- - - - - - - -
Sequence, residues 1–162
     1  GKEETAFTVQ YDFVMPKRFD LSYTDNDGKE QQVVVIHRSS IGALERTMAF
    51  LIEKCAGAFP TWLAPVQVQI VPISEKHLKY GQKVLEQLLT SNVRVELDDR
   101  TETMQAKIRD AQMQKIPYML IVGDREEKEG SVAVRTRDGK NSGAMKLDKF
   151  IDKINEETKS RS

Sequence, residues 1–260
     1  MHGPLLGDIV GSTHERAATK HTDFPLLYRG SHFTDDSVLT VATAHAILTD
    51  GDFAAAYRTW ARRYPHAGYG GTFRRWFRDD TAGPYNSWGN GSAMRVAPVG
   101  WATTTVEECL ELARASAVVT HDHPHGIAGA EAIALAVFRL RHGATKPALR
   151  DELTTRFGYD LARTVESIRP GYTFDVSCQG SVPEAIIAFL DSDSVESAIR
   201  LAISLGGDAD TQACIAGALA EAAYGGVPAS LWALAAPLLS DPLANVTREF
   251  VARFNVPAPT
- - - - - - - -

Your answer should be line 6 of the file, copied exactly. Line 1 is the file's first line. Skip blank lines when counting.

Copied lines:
Sequence, residues 1–260